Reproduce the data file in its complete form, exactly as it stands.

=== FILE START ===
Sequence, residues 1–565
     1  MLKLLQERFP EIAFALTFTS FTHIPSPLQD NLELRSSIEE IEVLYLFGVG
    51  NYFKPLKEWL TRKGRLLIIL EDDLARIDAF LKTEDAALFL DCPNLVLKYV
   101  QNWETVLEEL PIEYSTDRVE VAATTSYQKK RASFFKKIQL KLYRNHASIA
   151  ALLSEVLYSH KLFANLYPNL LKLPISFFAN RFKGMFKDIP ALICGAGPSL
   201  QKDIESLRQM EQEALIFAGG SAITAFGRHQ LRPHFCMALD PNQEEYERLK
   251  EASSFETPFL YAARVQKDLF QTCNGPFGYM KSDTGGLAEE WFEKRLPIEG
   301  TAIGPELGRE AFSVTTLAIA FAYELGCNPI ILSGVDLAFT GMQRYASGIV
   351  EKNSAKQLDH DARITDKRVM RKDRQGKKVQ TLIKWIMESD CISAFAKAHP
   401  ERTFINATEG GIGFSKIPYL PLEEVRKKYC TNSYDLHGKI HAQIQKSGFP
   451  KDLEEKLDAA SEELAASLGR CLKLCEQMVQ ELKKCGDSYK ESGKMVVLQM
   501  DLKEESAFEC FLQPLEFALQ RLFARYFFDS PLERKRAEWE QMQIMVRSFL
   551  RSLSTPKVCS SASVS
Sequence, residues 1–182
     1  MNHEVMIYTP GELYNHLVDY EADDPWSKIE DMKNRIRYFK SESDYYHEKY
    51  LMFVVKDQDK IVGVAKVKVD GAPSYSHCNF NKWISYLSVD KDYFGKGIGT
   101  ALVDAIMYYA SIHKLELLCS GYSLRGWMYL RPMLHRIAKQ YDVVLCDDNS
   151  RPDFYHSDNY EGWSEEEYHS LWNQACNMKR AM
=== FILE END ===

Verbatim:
Sequence, residues 1–565
     1  MLKLLQERFP EIAFALTFTS FTHIPSPLQD NLELRSSIEE IEVLYLFGVG
    51  NYFKPLKEWL TRKGRLLIIL EDDLARIDAF LKTEDAALFL DCPNLVLKYV
   101  QNWETVLEEL PIEYSTDRVE VAATTSYQKK RASFFKKIQL KLYRNHASIA
   151  ALLSEVLYSH KLFANLYPNL LKLPISFFAN RFKGMFKDIP ALICGAGPSL
   201  QKDIESLRQM EQEALIFAGG SAITAFGRHQ LRPHFCMALD PNQEEYERLK
   251  EASSFETPFL YAARVQKDLF QTCNGPFGYM KSDTGGLAEE WFEKRLPIEG
   301  TAIGPELGRE AFSVTTLAIA FAYELGCNPI ILSGVDLAFT GMQRYASGIV
   351  EKNSAKQLDH DARITDKRVM RKDRQGKKVQ TLIKWIMESD CISAFAKAHP
   401  ERTFINATEG GIGFSKIPYL PLEEVRKKYC TNSYDLHGKI HAQIQKSGFP
   451  KDLEEKLDAA SEELAASLGR CLKLCEQMVQ ELKKCGDSYK ESGKMVVLQM
   501  DLKEESAFEC FLQPLEFALQ RLFARYFFDS PLERKRAEWE QMQIMVRSFL
   551  RSLSTPKVCS SASVS
Sequence, residues 1–182
     1  MNHEVMIYTP GELYNHLVDY EADDPWSKIE DMKNRIRYFK SESDYYHEKY
    51  LMFVVKDQDK IVGVAKVKVD GAPSYSHCNF NKWISYLSVD KDYFGKGIGT
   101  ALVDAIMYYA SIHKLELLCS GYSLRGWMYL RPMLHRIAKQ YDVVLCDDNS
   151  RPDFYHSDNY EGWSEEEYHS LWNQACNMKR AM